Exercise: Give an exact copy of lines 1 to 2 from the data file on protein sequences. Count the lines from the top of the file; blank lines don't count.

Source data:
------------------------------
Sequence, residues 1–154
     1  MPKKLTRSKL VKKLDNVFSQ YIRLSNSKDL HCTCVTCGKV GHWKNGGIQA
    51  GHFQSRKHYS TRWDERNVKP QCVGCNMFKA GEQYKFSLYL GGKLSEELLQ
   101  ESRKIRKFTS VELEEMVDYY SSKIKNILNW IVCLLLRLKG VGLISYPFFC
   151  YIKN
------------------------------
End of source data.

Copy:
Sequence, residues 1–154
     1  MPKKLTRSKL VKKLDNVFSQ YIRLSNSKDL HCTCVTCGKV GHWKNGGIQA